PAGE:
Ryanair is another case of a company committing greenwashing. It claimed in one advert that it was the “lowest emissions airline” in Europe.
However, the UK Advertising Standards Authority, the UK’s ad regulator, banned the ad because it was misleading. Here’s why:
- Ryanair used data from 2011, despite it being almost ten years later.
- It failed to include other significant airlines in its charts, thus making its claims of being the lowest emissions airline good-for-nothing.
- It failed to account for seating density.
Check Out: Starbucks Logo History
Photo by Roberto Nickson/Pexels
That brings us to BMW, which also committed greenwashing by running a misleading ad that was also banned by the UK Advertising Standards Authority.
In the ad, it claimed that its i3 electric car model was a zero-emissions car, which is blatantly false as it comes with the option of a small petrol engine.
The FTC fined Walmart $3 million and Kohl’s $2.5 million for making deceptive environmental claims. The companies claimed that dozens of their products were made of bamboo, thus free of harmful chemicals and environmentally friendly.
In fact, those products were made of rayon, a fiber made from bamboo. The process of turning bamboo into rayon, though, requires toxic chemicals that release dangerous pollutants.
Photo by Martin Péchy/Pexels
During the height of the BLM protests, Pepsi released an ad attempting to drive a message of peace and unity.
However, it was forced to pull the ad a short while later, after activists accused the company of using imagery of protests to promote its product while also trivializing the protestors’ concerns about the police and police brutality.
Photo by cottonbro/Pexels
That is clearly a case of CSR gone wrong. While trying to jump on and hijack a current social justice trend, Pepsi shot itself in the foot and sent the wrong message.
Also Read: Best WeWork Alternatives
Photo by fauxels/Pexels
Google prides itself on building a sense of belonging, including creating a more inclusive workplace. It promises to work on racial equity, gender equity, and inclusiveness of the LGBTQ community, people with disabilities, and veterans.
However, does it follow through? According to its 2021 diversity report, it is seriously lacking.
Its workforce is 68% male and 50% white. African-American workers are the most underrepresented in the workforce, making up just 4.4% of all employees.
3M, a global corporation that sells consumer goods, medical equipment, and more, has been accused of pinkwashing – pretending to support breast cancer while contributing to it.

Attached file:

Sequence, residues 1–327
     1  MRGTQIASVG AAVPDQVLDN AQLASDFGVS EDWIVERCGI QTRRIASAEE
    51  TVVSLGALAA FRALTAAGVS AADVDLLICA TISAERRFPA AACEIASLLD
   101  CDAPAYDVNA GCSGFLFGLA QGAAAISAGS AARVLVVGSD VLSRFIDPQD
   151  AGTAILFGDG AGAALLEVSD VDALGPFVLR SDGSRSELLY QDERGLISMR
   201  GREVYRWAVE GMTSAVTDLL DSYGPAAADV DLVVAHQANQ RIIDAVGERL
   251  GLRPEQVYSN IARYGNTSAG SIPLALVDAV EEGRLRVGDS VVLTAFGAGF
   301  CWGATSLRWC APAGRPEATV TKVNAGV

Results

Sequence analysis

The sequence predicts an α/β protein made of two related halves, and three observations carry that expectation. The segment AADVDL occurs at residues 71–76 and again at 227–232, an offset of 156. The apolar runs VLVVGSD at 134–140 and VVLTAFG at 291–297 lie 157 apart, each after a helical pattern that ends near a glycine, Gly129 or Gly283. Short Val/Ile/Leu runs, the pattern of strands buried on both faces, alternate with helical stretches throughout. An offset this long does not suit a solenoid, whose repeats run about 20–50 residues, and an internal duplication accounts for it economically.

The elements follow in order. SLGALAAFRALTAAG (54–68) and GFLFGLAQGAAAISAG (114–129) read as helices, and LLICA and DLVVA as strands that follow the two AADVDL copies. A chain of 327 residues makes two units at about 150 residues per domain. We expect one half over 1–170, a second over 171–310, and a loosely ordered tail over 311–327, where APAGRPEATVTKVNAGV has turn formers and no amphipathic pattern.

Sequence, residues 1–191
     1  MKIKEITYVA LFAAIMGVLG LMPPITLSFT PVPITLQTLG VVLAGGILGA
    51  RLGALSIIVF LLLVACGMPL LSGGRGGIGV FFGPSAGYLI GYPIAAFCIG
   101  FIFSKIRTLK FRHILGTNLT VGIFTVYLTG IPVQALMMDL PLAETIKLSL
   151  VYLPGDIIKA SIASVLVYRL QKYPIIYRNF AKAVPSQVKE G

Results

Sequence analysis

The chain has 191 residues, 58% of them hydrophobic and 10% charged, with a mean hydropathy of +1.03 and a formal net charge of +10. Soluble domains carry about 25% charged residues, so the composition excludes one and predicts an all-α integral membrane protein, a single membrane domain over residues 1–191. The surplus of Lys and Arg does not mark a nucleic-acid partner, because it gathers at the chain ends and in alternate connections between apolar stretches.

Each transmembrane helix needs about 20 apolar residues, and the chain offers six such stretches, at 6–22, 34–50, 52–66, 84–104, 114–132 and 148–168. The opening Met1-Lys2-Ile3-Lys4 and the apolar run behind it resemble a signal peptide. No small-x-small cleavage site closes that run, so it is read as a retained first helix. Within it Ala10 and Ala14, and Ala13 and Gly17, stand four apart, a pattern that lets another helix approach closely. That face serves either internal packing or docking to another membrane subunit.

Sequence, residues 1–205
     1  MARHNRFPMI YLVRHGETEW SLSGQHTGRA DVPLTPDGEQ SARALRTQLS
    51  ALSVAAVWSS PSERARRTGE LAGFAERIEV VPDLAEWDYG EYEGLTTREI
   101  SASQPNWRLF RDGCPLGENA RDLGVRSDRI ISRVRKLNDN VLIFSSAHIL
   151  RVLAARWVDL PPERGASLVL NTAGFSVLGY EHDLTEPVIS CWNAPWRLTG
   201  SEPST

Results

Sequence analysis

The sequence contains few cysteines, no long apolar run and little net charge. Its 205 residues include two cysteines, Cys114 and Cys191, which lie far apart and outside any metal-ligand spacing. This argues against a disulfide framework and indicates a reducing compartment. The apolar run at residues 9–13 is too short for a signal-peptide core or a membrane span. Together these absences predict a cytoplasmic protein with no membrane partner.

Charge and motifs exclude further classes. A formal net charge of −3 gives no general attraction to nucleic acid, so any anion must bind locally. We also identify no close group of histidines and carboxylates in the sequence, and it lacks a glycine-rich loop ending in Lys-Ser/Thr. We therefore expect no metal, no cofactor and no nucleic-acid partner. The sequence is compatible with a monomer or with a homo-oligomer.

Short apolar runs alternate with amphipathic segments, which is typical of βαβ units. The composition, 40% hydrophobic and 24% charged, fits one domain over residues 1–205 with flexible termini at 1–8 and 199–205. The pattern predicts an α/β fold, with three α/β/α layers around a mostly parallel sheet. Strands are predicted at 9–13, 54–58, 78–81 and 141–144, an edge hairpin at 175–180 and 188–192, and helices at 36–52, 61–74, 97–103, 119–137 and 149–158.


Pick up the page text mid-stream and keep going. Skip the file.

It has sold pink Post-its and even pink stethoscopes to “raise awareness” about breast cancer. At the same time, it continued to use PFAS chemicals, including harmful and possibly carcinogenic chemicals linked to an increased risk of breast cancer.
All of the above examples show bad CSR. Let’s take a look at some examples of good Corporate Social Responsibility:
- Investing in your local community: Do something that will actually impact your community. For example, team up with a church to provide food for the poor.
- Offering training and employment opportunities to the disenfranchised: One way to give back to the community is by providing people from marginalized communities and groups training opportunities for free or at a low cost. If you can offer employment opportunities, that’s even better.
- Investing in your own employees: Start by making the workplace a better place for your employees. Give them better training options and foster a helpful and encouraging atmosphere.
- Addressing real environmental issues: If you have business practices hurting the environment, stop. It takes courage to do so, but you need to be genuine.
- Measuring your impact and being transparent: Measure the impact of your CSR campaigns to see if they had the desired effects. Be transparent about your faults and show how you will fix them.
Corporate Social Responsibility means adopting ethical practices and moral values that shape your business practices and operational methods. It requires courage, dedication, persistence, and a commitment to the greater good over corporate profits.
Remember, CSR is never required. It should be something you do because you care, not because you want to tick a box that the board has been pushing for.
Above all, listen to people! It’s okay to make mistakes along the way, as long as you own up to them and change.
If you are honest and transparent about your journey, people will be more understanding and supportive.
Tom loves to write on technology, e-commerce & internet marketing. I started my first e-commerce company in college, designing and selling t-shirts for my campus bar crawl using print-on-demand. Having successfully established multiple 6 & 7-figure e-commerce businesses (in women’s fashion and hiking gear), I think I can share a tip or 2 to help you succeed.